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If you were creating a great photo computer, what would i...
  
 
charlyw
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p.7 #1 · p.7 #1 · If you were creating a great photo computer, what would it be?


15Bit wrote:
For the normal consumer it's not too bad - Home or Pro. Though of course you generally get whatever was bundled with the computer.


And both versions of Windows 10 violate your privacy badly...



Jul 18, 2017 at 07:40 AM
form
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p.7 #2 · p.7 #2 · If you were creating a great photo computer, what would it be?


That's why there are website links dedicated to describing how to disable all those privacy incursions.

BTW...if you're looking to build a pc for yourself, well I know how and I could definitely do it since I've done it before for myself. Happy to help/build it. I actually enjoy building them :/ weird.



Jul 18, 2017 at 07:45 AM
charlyw
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p.7 #3 · p.7 #3 · If you were creating a great photo computer, what would it be?


form wrote:
That's why there are website links dedicated to describing how to disable all those privacy incursions.


And if you knew what all those privacy incursions includes you would know that despite all the best efforts of those websites you are screwed as there are enough left to make your hair curl if you care about your privacy...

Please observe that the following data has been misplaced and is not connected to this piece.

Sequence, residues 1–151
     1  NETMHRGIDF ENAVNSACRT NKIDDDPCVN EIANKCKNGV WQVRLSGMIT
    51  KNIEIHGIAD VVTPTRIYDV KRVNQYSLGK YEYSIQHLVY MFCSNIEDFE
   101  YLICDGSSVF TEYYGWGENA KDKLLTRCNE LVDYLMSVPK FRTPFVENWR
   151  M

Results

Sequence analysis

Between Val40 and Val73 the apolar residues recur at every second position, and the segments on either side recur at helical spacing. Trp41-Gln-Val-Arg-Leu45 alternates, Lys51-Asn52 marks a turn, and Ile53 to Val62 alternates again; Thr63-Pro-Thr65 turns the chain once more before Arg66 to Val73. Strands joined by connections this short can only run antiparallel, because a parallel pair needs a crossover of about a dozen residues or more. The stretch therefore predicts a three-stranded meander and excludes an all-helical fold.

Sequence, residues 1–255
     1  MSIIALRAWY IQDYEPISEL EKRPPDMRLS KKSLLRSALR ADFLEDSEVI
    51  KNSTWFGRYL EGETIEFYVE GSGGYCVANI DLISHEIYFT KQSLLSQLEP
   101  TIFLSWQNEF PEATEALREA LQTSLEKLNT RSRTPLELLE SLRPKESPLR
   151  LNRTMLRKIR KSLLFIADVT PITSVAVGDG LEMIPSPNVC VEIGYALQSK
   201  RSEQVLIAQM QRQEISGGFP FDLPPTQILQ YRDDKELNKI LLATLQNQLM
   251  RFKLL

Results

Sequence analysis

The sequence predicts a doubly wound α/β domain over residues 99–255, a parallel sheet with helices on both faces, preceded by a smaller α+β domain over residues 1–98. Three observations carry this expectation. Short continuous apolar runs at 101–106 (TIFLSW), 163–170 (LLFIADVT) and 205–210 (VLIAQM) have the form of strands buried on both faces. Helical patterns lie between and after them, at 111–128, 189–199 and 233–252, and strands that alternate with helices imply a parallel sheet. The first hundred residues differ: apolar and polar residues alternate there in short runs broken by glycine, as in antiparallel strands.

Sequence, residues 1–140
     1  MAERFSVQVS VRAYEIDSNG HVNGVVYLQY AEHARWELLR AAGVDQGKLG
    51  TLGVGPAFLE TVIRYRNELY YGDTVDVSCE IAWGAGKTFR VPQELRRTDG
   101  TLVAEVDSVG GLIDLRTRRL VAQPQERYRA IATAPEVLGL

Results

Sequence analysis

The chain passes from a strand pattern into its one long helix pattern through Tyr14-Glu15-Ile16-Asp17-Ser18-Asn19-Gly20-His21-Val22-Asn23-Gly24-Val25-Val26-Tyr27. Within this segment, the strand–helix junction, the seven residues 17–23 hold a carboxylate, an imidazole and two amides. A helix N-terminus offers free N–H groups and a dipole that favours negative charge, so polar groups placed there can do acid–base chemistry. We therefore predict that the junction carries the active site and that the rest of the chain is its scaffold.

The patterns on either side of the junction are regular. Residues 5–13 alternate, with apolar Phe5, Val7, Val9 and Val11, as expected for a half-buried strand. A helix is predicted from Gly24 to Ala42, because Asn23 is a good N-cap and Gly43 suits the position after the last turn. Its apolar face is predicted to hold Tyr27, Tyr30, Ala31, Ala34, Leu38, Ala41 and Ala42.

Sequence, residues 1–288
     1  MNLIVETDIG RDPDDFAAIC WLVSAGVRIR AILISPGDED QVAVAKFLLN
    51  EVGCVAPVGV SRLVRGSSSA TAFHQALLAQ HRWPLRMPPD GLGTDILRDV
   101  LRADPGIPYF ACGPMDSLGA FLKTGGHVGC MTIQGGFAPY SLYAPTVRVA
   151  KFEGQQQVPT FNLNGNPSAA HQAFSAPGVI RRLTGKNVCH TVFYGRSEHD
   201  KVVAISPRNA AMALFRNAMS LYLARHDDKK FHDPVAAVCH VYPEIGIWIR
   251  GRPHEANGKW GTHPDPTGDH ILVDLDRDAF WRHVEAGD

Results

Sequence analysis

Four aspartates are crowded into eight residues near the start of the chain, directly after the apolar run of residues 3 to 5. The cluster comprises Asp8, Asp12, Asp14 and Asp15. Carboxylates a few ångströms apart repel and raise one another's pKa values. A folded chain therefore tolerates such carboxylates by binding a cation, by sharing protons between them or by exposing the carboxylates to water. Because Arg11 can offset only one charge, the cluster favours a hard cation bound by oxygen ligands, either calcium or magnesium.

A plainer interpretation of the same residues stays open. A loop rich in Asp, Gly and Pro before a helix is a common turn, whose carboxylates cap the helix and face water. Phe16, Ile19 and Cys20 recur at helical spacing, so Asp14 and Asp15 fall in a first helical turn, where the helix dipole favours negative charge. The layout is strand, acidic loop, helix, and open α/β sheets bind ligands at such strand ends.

Jul 18, 2017 at 08:00 AM
charlyw
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p.7 #4 · p.7 #4 · If you were creating a great photo computer, what would it be?


form wrote:
BTW...if you're looking to build a pc for yourself, well I know how and I could definitely do it since I've done it before for myself. Happy to help/build it. I actually enjoy building them :/ weird.


I have done that for more than 30 years, I've had it with all the tinkering, I even went as far as designing and building prototype interface boards to use ECB graphics cards on a TRS-80 knock off running CP/M - I just don't care about the innards anymore as long as the operating system is well designed and doesn't get into the way of using the computer - and that's only true for MacOS and Linux (although keeping that current is a chore all by itself, especially with Poettering in charge of crucial system services)...